Of Insecurity Complexes and Other Great Adventures.

First of all, I would like to thank Tom Chastain of Chastain Motorsports for giving Bob Moore the time of day. I truly am sorry that Roberto Moreno was not able to make it past the first turn in this year’s Indy500. This may explain why I was feeling drained today. I also owe Mr. Chastain, Mr. Gregoire, and Chastain Motorsports itself a huge apology as well. I know it makes it no sense, but please allow me to explain.

I know all of you must have been excited about the story of an underdog and how it could overcome all odds and adversity. However, what all of you saw was something different: much different. Some disagreed with the proposition of marketing Linux in the Indy500. Questions were asked, and accusations were thrown. Even as a human being was injured, Bob Moore, Ken Starks, and anybody else promoting Tux500 were blamed for the person’s injury, thus proving that they indeed were a heartless individual. I read their accusatory post in their own blog, and I became upset. I was even crying for a brief period of time, because I know what it’s like to be brought to the hospital. The difference: one of my bones actually broke, while Stephan’s did not. He was very fortunate, and I am glad he is okay. Stephan Gregoire, I offer you my most humble apology for the actions of an intellectual coward who hides behind their own blog and refuses to be held accountable for their own words. They do not think before posting, let alone typing.

Mr. Moreno,

I thank you for stepping up to the plate. I’m sorry that it did not work out for you. I truly am. Not only did you qualify once, you were so skilled, you did it twice. How nice. A highly regarded veteran as yourself deserves the proper recognition, and hopefully, it will come. May your next Indy500 net you the checkered flag!

With that said, something needs to be straightened out here and now. The last time I checked, the developers of many of the distros out there have not once apologized about Linux once! There is no insecurity complex here. If anything, it is a certain bald CEO of a certain corporation in Redmond, Washington who is crying at the feet of millions, and begging, “Please love me!” If one were to record the man saying that lots of companies had plenty of undisclosed balance sheet liabilities, then slowly play it backwards, I wouldn’t be surprised in the least if somewhere in the recording, playing backwards, were the words, “Please love me!”*

There all sorts of ways to market Free and Open Source Software, and having a penguin plastered on the front of a racecar was only one of them. Sure, Dell decided to place Ubuntu onto some of their machines. However, it took thousands upon thousands of people to encourage the large computer OEM to even consider doing such a thing. It took a contribution of these people, though it was not their money: it was their time! Yes, there are large corporations adopting Linux, and such a thing is being utilized everyday by everybody without them knowing it. However, why limit such a choice to a select few? Why do so? It makes no sense.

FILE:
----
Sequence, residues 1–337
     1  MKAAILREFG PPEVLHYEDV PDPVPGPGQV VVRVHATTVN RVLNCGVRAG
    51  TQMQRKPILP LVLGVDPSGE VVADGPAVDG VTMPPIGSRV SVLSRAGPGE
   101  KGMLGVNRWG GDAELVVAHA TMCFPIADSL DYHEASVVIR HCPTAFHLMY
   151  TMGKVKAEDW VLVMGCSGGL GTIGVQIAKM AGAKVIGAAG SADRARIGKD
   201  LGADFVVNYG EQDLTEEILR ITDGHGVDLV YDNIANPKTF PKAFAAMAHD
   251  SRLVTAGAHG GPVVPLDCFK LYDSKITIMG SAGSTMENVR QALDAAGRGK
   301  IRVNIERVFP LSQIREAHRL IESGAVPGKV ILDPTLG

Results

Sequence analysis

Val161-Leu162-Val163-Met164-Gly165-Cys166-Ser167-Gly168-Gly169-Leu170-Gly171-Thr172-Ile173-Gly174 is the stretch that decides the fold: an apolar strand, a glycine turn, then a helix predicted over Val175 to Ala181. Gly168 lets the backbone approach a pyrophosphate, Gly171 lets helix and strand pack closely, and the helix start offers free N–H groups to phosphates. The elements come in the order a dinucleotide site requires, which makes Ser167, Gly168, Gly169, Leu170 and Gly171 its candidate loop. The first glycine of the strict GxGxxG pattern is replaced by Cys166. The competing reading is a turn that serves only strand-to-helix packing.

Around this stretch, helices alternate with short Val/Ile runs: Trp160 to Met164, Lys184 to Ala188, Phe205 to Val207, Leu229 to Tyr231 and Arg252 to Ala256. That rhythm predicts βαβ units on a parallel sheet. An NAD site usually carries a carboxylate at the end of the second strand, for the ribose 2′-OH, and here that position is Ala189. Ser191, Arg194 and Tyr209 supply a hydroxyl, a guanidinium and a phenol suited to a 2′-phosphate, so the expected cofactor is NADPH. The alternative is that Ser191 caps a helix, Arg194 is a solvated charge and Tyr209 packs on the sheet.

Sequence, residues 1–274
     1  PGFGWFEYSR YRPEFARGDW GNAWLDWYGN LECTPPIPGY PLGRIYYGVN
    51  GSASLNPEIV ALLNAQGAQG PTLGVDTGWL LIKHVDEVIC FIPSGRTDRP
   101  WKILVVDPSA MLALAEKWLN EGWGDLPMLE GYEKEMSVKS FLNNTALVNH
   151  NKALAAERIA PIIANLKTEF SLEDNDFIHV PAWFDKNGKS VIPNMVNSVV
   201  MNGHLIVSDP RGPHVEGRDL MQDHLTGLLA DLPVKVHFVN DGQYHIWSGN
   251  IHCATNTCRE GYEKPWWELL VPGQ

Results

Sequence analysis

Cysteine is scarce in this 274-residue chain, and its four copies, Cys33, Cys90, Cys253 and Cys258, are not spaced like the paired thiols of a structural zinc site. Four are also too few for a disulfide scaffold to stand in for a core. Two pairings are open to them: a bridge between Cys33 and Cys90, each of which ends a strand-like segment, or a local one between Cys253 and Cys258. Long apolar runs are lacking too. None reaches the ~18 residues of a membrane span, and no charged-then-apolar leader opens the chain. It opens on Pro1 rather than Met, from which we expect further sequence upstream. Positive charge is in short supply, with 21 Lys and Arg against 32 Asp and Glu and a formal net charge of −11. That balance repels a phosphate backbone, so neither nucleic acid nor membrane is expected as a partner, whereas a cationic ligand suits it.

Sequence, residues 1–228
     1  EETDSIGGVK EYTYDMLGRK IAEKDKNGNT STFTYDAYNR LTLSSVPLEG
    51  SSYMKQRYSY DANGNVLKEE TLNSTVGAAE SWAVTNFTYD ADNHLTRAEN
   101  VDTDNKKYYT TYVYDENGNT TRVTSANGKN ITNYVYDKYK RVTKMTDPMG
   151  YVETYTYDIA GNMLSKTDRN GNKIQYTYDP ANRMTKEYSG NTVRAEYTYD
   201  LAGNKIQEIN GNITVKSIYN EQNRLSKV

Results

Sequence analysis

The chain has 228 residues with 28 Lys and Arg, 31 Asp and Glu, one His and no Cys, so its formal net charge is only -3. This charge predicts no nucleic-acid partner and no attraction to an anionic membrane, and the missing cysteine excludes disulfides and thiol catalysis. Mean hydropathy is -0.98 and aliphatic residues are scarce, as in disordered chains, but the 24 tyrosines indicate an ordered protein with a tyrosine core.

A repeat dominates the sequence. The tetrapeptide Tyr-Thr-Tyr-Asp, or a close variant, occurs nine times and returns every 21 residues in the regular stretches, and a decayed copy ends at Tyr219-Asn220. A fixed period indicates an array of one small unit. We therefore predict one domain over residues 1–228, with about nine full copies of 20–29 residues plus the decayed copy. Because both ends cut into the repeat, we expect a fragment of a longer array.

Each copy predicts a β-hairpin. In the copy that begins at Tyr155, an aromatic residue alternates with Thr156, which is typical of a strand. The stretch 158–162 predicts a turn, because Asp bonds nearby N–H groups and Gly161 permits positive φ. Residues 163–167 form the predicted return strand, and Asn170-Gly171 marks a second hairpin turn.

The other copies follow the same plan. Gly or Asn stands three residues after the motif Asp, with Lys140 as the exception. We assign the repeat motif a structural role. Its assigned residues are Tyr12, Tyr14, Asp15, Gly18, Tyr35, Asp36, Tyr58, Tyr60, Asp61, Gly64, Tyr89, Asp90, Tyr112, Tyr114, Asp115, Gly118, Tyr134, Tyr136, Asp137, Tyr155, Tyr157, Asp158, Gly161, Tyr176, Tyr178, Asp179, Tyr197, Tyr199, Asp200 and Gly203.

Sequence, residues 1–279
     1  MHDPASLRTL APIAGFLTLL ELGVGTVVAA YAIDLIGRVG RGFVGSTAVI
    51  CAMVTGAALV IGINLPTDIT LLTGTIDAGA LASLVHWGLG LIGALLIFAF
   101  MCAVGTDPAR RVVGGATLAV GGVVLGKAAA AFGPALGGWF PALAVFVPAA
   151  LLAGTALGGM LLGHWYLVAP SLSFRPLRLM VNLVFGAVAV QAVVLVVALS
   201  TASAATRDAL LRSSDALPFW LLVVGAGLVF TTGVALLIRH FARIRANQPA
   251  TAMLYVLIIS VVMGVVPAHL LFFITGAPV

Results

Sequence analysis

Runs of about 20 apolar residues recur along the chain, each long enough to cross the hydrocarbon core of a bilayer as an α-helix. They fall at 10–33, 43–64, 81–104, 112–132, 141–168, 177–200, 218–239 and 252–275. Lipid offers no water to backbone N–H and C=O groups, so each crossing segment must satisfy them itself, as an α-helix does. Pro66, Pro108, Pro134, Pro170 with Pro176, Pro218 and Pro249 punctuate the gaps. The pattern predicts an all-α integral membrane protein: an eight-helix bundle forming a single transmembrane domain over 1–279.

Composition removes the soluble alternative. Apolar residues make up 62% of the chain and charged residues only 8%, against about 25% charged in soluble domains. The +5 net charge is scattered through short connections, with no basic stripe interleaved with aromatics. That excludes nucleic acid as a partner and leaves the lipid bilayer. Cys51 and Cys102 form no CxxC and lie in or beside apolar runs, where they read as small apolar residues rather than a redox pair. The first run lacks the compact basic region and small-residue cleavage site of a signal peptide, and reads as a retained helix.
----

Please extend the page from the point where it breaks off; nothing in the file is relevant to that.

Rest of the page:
Penguin Pete's commentary snippet....
From Penguin Pete’s Own Blog (After he complained, and then unbanned me, I thought about it, and well, I should have at least said where this snippet came from.  Either that, or the reader could have moused over the pic for a tooltip saying where it came from… oh well).

What sets me apart from others who appear to have high ideals is that I believe in the hacker ethic, especially the first part of said ethic:

Information is power. Therefore, all information should be free!

After reading Steven Levy’s wonderful book, Hackers: Heroes of the Computer Revolution, I was thrilled, and fascinated that so called misfits helped to launch one of the greatest industries of all time. It was that very ethic that caused one Richard Stallman to begin work on the GNU (GNU’s Not Unix) Project. Were it not for said project, Linus Torvalds and others would not have had a complete Operating System environment. Imagine: people hacking code day and night. I wish I had the patience, let alone the talent to attempt such a thing. The reason why I am mentioning Stallman and Torvalds is that I believe that some of us are forgetting where all of this started. I’m not talking about the people, but the main ethic that was followed: All information should be free!